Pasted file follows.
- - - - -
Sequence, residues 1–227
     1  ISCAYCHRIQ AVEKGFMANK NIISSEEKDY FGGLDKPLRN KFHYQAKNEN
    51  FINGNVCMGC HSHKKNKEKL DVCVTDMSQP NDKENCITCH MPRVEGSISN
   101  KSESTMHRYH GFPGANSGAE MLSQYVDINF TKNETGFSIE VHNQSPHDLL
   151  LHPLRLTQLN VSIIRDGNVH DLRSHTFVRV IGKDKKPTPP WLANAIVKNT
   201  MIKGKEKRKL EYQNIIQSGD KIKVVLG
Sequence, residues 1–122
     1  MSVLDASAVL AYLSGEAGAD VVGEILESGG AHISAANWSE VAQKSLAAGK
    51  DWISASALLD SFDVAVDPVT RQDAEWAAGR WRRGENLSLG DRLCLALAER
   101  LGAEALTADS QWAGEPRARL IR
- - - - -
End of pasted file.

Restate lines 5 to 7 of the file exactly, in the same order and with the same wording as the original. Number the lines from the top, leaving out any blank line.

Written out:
   151  LHPLRLTQLN VSIIRDGNVH DLRSHTFVRV IGKDKKPTPP WLANAIVKNT
   201  MIKGKEKRKL EYQNIIQSGD KIKVVLG
Sequence, residues 1–122